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     Volume 6 Issue 9 | March 9, 2007 |

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Celebrating What?

Aasha Mehreen Amin

I have a confession to make. I don't like phrases like 'International Women's Day', Women's pages and 'women's issues'. They irritate me to the core, mainly because they pin-hole women into a specific slot, a particular day of the year, a specific page in a newspaper or a certain category. I understand that women are marginalised, underpowered and so on which makes it apparently necessary to have separate places where women's voices can be heard. But I still find these demarcated isolations rather insulting. Why must we have an international day for us? Should not everyday be our day? Why is there no such thing as International Man's Day or International Day for Human Beings? Why are there no 'Men's Pages'? Of course such questions sound ludicrous while International Women's Day sounds perfectly sane. I have nothing against celebrating womanhood on a specific day but when one day is designated to cram in every kind of seminar, workshop, exhibition etc as homage to women (like we are dead or something), it becomes clear that we are still stuck in an age when women need specific days for their rights to be talked about, for people to acknowledge their achievements, challenges and even their existence. This is reality but I don't see why I must accept it and pretend to be enthusiastic about a day that has been declared to be the day of the woman. I am cynical because every day I am bombarded with instances of how unfairly, cruelly my fellow women-beings (we are another species) are treated, and the unbelievable hardships and deprivations they face because of their sex. I am disgusted that all these injustices go on without evoking an iota of compassion from the majority.

Take Rabeya Begum, a housemaid who lost the only home she knew when a government drive to evict people in the bastis, finally reached her little hut in a Bashantek slum area where thousands of people used to live. With a half-blind husband and three children, all of them girls and one of them only six months old, Rabeya is the sole earning member of the family. Her salary from doing part-time domestic work was all she had to feed her family. After the whole slum had been bulldozed to the ground Rabeya, her husband and three small children spent the night shivering out in the open, with drops of rain falling on their hungry bodies. The next morning Rabeya realised that many of her belongings had been stolen. There was no other alternative but to go back to her husband's village in Brahmanbaria where there was no homestead to go to and no jobs to work at. Even the few relatives they had were themselves in hardship and were in no position to give shelter to a whole family. Still, Rabeya was forced to leave Dhaka. With whatever little money she had saved Rabeya built a little hut with bamboo and tin near the river. Her husband is still unemployed and her girls are often ill due to malnutrition. A few days ago Rabeya came back to Dhaka hoping that somehow she would be able to stay with people she knew and continue to work. But no one wanted to give her shelter beyond a day or two especially since she had her baby girl with her. Everyone she knows is living in fear of being evicted. How can they possibly give shelter to her and her little baby? In any case who would take care of her baby while she worked? Thus Rabeya had no choice but to go back to the village. This time however, she has managed to borrow a few thousand taka to buy a sewing machine. This is the only way she thinks she can feed her family. She is like thousands of other women in this country, a victim of acute poverty and societal neglect. I ask her if she knows about International Women’s Day. She gives me a blank look and then admits that she has no clue.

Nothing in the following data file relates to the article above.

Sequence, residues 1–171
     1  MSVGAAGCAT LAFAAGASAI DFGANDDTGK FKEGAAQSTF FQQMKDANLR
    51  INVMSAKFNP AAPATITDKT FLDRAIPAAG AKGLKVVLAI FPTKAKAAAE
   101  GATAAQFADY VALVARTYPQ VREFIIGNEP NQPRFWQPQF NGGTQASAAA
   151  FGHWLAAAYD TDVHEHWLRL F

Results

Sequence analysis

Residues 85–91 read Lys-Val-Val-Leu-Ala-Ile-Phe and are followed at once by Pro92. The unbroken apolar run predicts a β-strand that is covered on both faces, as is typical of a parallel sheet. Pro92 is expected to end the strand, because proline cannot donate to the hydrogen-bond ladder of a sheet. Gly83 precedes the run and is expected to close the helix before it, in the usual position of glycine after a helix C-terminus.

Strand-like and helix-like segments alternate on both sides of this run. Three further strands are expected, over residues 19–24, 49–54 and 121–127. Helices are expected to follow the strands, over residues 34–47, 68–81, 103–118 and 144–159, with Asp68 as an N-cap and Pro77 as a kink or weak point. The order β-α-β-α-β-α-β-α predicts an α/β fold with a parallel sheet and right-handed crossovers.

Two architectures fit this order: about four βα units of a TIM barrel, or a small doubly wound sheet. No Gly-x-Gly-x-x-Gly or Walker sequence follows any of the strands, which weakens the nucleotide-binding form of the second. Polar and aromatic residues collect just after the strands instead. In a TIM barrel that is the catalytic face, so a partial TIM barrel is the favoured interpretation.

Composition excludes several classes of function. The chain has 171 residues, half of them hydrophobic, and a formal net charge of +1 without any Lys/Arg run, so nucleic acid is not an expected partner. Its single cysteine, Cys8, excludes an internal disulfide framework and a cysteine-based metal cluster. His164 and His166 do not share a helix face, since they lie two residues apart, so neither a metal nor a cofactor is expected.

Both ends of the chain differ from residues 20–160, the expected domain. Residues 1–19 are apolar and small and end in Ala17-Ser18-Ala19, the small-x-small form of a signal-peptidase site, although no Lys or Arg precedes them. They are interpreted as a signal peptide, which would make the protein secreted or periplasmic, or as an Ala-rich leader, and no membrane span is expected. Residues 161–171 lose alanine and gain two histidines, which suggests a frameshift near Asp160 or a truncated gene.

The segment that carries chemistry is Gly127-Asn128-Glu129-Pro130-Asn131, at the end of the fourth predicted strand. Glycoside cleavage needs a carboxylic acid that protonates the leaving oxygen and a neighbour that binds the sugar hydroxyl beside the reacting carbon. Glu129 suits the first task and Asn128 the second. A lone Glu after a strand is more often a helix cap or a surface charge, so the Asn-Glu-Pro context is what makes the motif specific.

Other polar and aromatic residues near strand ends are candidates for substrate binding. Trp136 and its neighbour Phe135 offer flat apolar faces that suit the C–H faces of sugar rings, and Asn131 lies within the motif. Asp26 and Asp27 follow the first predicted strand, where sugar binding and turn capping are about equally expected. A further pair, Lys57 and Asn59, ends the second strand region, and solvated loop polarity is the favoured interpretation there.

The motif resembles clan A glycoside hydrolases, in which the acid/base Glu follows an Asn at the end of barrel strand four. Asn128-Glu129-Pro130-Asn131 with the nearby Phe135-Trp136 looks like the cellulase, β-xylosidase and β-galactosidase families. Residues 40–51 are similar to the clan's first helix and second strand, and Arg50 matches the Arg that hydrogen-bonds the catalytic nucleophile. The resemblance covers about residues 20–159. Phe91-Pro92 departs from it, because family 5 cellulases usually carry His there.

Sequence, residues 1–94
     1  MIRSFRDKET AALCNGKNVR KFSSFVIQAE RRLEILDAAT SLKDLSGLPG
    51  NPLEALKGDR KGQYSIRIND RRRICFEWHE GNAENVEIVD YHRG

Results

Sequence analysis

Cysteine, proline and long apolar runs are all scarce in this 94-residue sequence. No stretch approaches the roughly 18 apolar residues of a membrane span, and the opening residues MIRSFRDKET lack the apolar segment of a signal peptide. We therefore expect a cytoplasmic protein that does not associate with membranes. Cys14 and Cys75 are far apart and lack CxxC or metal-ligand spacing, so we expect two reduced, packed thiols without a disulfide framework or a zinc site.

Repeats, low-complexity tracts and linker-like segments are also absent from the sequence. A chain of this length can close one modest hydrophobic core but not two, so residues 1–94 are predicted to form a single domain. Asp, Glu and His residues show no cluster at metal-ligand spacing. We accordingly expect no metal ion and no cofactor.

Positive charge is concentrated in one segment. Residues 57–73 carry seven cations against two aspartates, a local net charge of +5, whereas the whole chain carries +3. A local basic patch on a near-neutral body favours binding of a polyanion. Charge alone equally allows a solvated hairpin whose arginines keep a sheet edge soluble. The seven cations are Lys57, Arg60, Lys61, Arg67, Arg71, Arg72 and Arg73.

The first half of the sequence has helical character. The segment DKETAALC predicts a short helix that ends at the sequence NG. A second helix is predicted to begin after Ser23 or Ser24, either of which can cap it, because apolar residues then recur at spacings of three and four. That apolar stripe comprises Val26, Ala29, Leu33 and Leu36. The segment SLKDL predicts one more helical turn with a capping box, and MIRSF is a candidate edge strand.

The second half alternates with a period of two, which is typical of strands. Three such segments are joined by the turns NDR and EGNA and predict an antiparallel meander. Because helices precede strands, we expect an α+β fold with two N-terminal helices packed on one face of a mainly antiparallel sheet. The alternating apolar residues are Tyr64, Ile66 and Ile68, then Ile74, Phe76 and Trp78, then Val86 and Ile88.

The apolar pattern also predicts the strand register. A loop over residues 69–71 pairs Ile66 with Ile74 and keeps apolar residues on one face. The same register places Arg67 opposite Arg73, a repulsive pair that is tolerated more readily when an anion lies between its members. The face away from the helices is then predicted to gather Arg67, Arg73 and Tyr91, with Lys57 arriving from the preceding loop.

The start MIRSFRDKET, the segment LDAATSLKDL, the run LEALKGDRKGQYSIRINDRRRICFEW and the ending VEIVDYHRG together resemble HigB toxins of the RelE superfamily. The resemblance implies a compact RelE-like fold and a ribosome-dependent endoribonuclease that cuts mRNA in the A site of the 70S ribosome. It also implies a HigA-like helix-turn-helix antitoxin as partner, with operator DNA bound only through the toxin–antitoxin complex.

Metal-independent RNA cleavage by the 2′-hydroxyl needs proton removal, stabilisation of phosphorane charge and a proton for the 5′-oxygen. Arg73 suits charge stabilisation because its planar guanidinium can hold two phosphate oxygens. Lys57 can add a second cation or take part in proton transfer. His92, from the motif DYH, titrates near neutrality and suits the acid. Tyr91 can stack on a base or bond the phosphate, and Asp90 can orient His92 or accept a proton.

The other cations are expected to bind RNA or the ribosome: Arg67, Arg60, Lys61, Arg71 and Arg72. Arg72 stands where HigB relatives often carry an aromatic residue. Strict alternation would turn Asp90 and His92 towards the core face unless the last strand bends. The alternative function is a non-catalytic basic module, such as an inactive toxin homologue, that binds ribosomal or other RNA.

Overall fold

There are so many women like Rabeya. Some have husbands who are too ill to work or too addicted to drugs. Many are widows or have been abandoned by their husbands. All of them work inhumanly hard to support their children. They are all survivors yet chances are that ‘International Women’s Day’ means absolutely nothing to them.

Then I flip the pages of the newspaper and am again struck hard. They are filled with stories of women domestic workers being murdered or housewives burnt alive or slaughtered for dowry or because they complained against the husband’s infidelity. These stories do not end but go on and on. Every single day women have to fight some battle or another. It is an ongoing struggle to fight unbelievable odds – poverty, sexual aggression, discrimination and violence. So forgive me if I don’t jump up with joy when ‘International Women’s Day’ comes along. To me it’s just another day.



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